abusesaffiliationarrow-downarrow-leftarrow-rightarrow-upattack-typeburgerchevron-downchevron-leftchevron-rightchevron-upClock iconclosedeletedevelopment-povertydiscriminationdollardownloademailenvironmentexternal-linkfacebookfiltergenderglobegroupshealthinformation-outlineinformationinstagraminvestment-trade-globalisationissueslabourlanguagesShapeCombined Shapeline, chart, up, arrow, graphlocationmap-pinminusnewsorganisationotheroverviewpluspreviewArtboard 185profilerefreshnewssearchsecurityPathStock downStock steadyStock uptagticktooltiptwitteruniversalityweb

Corporate Legal Accountability Quarterly Bulletin – Issue 24, September 2017

Welcome to our Corporate Legal Accountability Quarterly Bulletin -- highlighting a specific topic each quarter, as well as key developments in corporate legal accountability. The Corporate Legal Accountability hub on our website provides objective, concise information about lawsuits against companies in which human rights abuses are alleged.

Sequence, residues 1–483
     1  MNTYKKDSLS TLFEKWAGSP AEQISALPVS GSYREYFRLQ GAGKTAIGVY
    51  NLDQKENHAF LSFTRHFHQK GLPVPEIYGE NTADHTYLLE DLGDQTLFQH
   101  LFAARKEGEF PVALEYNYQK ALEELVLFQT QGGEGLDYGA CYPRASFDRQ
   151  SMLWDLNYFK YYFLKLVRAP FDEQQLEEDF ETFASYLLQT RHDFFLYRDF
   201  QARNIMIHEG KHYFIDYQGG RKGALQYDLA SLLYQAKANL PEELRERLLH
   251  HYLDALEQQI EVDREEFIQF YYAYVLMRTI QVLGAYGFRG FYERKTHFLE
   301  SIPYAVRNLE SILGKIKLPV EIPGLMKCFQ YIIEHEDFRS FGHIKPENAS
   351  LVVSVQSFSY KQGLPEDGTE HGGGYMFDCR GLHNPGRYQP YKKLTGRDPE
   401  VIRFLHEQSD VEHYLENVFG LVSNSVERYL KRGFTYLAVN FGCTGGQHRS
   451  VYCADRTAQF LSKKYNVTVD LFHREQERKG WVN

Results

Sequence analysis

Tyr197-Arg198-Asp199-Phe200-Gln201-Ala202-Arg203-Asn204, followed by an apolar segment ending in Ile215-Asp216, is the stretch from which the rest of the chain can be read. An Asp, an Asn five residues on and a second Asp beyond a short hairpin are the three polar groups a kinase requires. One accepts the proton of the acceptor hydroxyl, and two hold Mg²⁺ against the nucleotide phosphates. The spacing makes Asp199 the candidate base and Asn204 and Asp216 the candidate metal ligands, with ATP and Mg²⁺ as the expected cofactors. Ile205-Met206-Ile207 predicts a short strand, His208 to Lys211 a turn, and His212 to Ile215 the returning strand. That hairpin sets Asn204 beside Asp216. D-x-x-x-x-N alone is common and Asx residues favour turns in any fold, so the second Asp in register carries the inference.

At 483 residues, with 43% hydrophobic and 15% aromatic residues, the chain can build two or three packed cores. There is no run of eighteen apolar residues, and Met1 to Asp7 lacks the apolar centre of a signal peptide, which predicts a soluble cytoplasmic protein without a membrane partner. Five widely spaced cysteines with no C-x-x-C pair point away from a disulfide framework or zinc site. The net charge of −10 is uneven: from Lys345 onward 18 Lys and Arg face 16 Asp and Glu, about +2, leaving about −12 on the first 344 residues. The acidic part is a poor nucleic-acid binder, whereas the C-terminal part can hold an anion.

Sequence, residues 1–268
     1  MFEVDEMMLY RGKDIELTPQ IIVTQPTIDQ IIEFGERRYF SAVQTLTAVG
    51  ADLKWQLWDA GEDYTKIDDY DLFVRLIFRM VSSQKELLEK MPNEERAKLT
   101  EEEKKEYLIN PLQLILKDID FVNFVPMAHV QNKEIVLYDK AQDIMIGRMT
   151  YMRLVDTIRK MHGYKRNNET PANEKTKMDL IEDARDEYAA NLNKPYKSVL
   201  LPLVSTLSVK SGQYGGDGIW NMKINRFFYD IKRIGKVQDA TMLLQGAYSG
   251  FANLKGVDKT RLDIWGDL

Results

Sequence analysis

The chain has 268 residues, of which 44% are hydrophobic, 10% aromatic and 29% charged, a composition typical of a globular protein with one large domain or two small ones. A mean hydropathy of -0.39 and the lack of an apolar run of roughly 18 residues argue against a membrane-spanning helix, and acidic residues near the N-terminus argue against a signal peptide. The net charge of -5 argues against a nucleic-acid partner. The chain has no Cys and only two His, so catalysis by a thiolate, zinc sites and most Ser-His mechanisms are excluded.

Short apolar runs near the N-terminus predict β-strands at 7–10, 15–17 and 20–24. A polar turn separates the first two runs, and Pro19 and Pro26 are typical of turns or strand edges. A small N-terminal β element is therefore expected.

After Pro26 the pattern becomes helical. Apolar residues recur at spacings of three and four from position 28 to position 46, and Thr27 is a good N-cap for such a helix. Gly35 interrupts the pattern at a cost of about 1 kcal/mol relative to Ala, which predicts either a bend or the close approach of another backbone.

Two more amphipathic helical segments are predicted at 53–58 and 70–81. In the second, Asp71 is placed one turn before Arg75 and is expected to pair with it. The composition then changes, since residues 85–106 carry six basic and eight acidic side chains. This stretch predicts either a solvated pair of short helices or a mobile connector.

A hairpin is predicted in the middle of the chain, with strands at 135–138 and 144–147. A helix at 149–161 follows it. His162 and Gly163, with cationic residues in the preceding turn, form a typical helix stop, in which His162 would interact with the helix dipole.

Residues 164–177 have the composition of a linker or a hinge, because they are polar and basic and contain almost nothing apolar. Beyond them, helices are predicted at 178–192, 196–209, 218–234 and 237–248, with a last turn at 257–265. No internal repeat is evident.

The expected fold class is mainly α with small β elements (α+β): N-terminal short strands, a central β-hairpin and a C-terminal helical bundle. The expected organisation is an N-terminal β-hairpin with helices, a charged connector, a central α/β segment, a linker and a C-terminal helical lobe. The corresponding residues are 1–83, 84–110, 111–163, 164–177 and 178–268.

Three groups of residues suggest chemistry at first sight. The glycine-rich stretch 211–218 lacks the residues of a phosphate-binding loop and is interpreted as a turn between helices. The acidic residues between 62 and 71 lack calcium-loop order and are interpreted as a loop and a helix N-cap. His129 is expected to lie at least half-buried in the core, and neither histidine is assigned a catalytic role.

Quarterly Highlight: Lawsuits by companies seek to silence accountability advocates...Imagine that you are a lawyer, presenting your work and some legal cases you are involved in at a university, and...you receive notice that you are being sued for defamation. This is exactly what happened to the Centre for Environmental Rights (CER) in South Africa. In a presentation at the University of Cape Town in January 2017, two CER lawyers…stated that Mineral Sand Resources...was “environmentally destructive”. In May, they were notified that MSR...was suing them for defamation, along with a local community activist…CER said that this lawsuit was a Strategic Lawsuit against Public Participation (SLAPP) – “Here is a message to corporates who think they can use lawsuits and other intimidation tactics to silence the voices of activists…We will fight back‚ we will continue to investigate corporate misdeeds‚ and we will rally support from partners – but most of all‚ we will not be silenced.” SLAPPs are often filed by companies to intimidate and silence people seeking to participate in matters of public interest (local communities, trade unionists, journalists, NGOs, lawyers, whistle-blowers), tying them up in costly litigation processes until they abandon their criticism or opposition.  In most cases they have little likelihood of succeeding on their merits.  But even requiring victims of human rights abuse, NGOs, journalists and others to defend against these claims can threaten civic space and keep victims from accessing justice...

Story Timeline